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Investigation After a Suspected SIDS Incident

Every case of sudden infant death syndrome (SIDS) is investigated by a team of medical professionals and police officers. SIDS is confirmed only if the death remains unexplained after review of the baby's and parents' medical histories, examination of the death scene, and autopsy.

During the investigation, all possible causes of death are looked into, such as:

Recommended Related to Children

Arterio Venous Malformation/Brain Aneurysm (NJ)

This information is provided as a resource and does not constitute an endorsement for any group. It is the responsibility of the reader to decide whether a group is appropriate for his/her needs. For evidence-based information on diseases, conditions, symptoms, treatment and wellness issues, continue searching this site.

Read the Arterio Venous Malformation/Brain Aneurysm (NJ) article > >

  • Trauma from an accident or abuse.
  • Diseases, such as heart problems.
  • Alcohol, drug, or toxic exposure.
  • Illness, such as meningitis or pneumonia.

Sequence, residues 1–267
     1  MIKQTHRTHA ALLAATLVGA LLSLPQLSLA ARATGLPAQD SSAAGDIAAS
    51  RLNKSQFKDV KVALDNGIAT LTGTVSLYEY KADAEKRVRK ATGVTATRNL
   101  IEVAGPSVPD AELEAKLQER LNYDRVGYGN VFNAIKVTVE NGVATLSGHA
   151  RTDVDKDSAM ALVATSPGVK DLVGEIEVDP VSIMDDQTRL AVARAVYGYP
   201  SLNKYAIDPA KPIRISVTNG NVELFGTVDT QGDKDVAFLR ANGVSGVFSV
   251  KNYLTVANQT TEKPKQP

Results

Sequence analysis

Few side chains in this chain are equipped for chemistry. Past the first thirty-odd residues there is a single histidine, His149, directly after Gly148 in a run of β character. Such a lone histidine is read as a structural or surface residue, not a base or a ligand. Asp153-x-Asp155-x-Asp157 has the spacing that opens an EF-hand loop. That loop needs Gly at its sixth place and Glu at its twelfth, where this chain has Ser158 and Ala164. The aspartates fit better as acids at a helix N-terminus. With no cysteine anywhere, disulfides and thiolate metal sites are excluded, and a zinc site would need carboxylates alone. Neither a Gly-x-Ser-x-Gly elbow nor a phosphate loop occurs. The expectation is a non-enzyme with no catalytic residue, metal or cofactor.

• Miscellaneous, such as carbon monoxide poisoning, burns, or dehydration.

The loss of a baby is devastating. Medical and police personnel are trained to be mindful of the difficult emotions family members experience. For example, often parents want or need to spend some time alone with their baby. Most investigators will understand and grant permission for this request.

Parents and all caregivers will be asked questions related to child abuse. These questions may be especially difficult for parents when their baby has died of SIDS. Understand that these and other questions are standard-they do not imply that you are to blame for the death of your child. When the investigation confirms that a baby's death is a case of SIDS, it means that no one is responsible for the tragedy.

By Healthwise Staff
Primary Medical Reviewer Susan C. Kim, MD - Pediatrics
Specialist Medical Reviewer John Pope, MD - Pediatrics
Last Revised October 11, 2011

WebMD Medical Reference from Healthwise

Last Updated: October 11, 2011
This information is not intended to replace the advice of a doctor. Healthwise disclaims any liability for the decisions you make based on this information.

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